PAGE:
Generate the stream For each stream record Include a template related to: the stream item type, e.g. video The context, e.g. Posting on your own profile Insert stream record details into that instance of the template bit
foreach( $streamdata as $data ) {	 	if( $userUpdatingOwnStatus ) 	{ 		// updates to users "wall" by themselves 		$template->addBit( 'stream/types/' . $data['type_reference'] . '-me-2-me.tpl.php', $data ); 	} elseif( $statusesToMe ) 	{ 		// updates to users "wall" by someone 		$template->addBit( 'stream/types/' . $data['type_reference'] . '-2me.tpl.php', $datatags );	 	} elseif( $statusesFromMe ) 	{ 		// statuses by user on someone elses wall 		$template->addBit( 'stream/types/' . $data['type_reference'] . '-fromme.tpl.php', $datatags );	 	} 	else 	{ 		// friends posting on another friends wall 		$template->addBit( 'stream/types/' . $data['type_reference'] . '-f2f.tpl.php', $datatags );		 	} }
CRM’s People and organisations are very similar Centralise them! Entity Entity_Organisation Entity_Person Record Person <-> organisation relationships in a table mapping entity table onto itself
Extending: Adding new content types Drop in a model Getters and setters for extended fields Save method to insert extended data Drop in an administrator controller Rely on parent for standard operations Pass CRUD requests / data to the model Drop in a front end controller Viewing: over-ride parent method & extend the select query Anything else: Add specific functionality here
Why centralise your content / common entities? Eases content versioning Write functionality (commenting, rating, etc) once, and it works for all current and future content types – without the need for additional work Fixing bugs with abstracted features, fixes it for all aspects which use that feature Conversion is relatively easy – e.g. Turn a page into a blog entry.  More so if they don’t extend the core table
Some of the problems Can be a risk of content and content versions tables having too many fields Optimization bottle-neck – poorly performing and optimizing tables will cripple the entire site Versioning: Stores lots of data Sometimes you want functionality to differ across features (e.g. Product reviews <> comments) A bug in an abstract feature will be present in all aspects which use it
phpMyAdmin is harder Managing content via phpMyAdmin is more difficult MySQL Views can help with listing and viewing content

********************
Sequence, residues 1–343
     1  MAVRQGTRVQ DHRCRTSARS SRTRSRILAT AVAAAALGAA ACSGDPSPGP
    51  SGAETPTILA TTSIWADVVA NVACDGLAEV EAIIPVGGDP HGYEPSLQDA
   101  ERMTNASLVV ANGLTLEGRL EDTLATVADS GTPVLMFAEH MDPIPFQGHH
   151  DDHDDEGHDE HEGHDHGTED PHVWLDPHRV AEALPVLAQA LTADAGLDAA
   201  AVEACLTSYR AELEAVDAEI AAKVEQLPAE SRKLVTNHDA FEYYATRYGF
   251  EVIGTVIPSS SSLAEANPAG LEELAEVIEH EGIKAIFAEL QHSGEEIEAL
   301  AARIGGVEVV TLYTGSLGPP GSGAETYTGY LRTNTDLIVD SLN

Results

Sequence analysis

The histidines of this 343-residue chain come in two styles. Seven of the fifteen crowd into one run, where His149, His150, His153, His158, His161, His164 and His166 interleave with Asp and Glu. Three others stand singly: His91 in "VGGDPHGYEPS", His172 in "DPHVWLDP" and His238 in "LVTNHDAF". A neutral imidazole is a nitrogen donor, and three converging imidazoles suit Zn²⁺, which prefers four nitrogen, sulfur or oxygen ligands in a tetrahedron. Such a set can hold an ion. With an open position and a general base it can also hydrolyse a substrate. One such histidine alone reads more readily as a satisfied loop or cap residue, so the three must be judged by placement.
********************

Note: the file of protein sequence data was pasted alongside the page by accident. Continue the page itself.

Thanks for listening www.michaelpeacock.co.uk me@michaelpeacock.co.uk @michaelpeacock  Please leave feedback!http://joind.in/2065

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Abstracting functionality with centralised content

  • 1. Abstracting functionality with Centralised Content Michael Peacock
  • 2. About me Senior Web Developer M.D. of design agency Peacock Carter Technical director for an online retailer Author www.michaelpeacock.co.uk me@michaelpeacock.co.uk @michaelpeacock
  • 3. What's in store? Setting the scene – a look at the problem centralised content solves Centralised content – what is it and how can it solve this problem Implementation – How we implemented centralised content with PHP and MySQL
  • 4. A sample bespoke CMS / basic e-commerce website Pages Blog entries Blog categories News articles Products Product Categories Events Users can buy products Users can rate products Users can comment on / review products Users can comment on blog entries
  • 5. Commenting Needed for both blog entries and products Create a simple library or function to create a comment for us Comments table in our database Table to link them to blog entries Table to link them to products
  • 7. What about searching Do we have search boxes for different aspects of the site? Do we use a complex searching system? Should we just let Google do it for us? “Can’t someone else do it?” Homer J Simpson
  • 8. What if in the future, once development is complete… Users need to be able to rate blog entries Users need to be able to purchase (book onto) events … and comment on them … … and rate them… Sounds like a pain!
  • 9. Let’s take a step back… And centralise our content!
  • 10. Centralised Content Useful architecture; especially for CMS projects MVC brings out the best in it Drupal “node” MVC would be nice, Drupal Used extensively in our own CMS and frameworks for the past year and a half;
  • 11. Content Typical content found on a CMS powered site: Pages Blog entries News articles Job vacancies Products Events Photographs / Image gallery
  • 12. Pages Name Heading Page content Meta data / title URL